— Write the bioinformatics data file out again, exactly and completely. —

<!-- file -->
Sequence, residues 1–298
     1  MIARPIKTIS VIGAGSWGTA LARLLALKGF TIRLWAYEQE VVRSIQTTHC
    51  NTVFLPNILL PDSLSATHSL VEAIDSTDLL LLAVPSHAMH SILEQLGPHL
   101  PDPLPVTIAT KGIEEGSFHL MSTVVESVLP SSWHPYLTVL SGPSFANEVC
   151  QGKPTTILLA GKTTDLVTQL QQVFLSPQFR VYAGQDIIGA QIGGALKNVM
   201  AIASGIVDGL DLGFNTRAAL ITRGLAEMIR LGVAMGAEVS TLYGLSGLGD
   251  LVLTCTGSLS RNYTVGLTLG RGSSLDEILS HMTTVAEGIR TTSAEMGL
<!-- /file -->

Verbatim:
Sequence, residues 1–298
     1  MIARPIKTIS VIGAGSWGTA LARLLALKGF TIRLWAYEQE VVRSIQTTHC
    51  NTVFLPNILL PDSLSATHSL VEAIDSTDLL LLAVPSHAMH SILEQLGPHL
   101  PDPLPVTIAT KGIEEGSFHL MSTVVESVLP SSWHPYLTVL SGPSFANEVC
   151  QGKPTTILLA GKTTDLVTQL QQVFLSPQFR VYAGQDIIGA QIGGALKNVM
   201  AIASGIVDGL DLGFNTRAAL ITRGLAEMIR LGVAMGAEVS TLYGLSGLGD
   251  LVLTCTGSLS RNYTVGLTLG RGSSLDEILS HMTTVAEGIR TTSAEMGL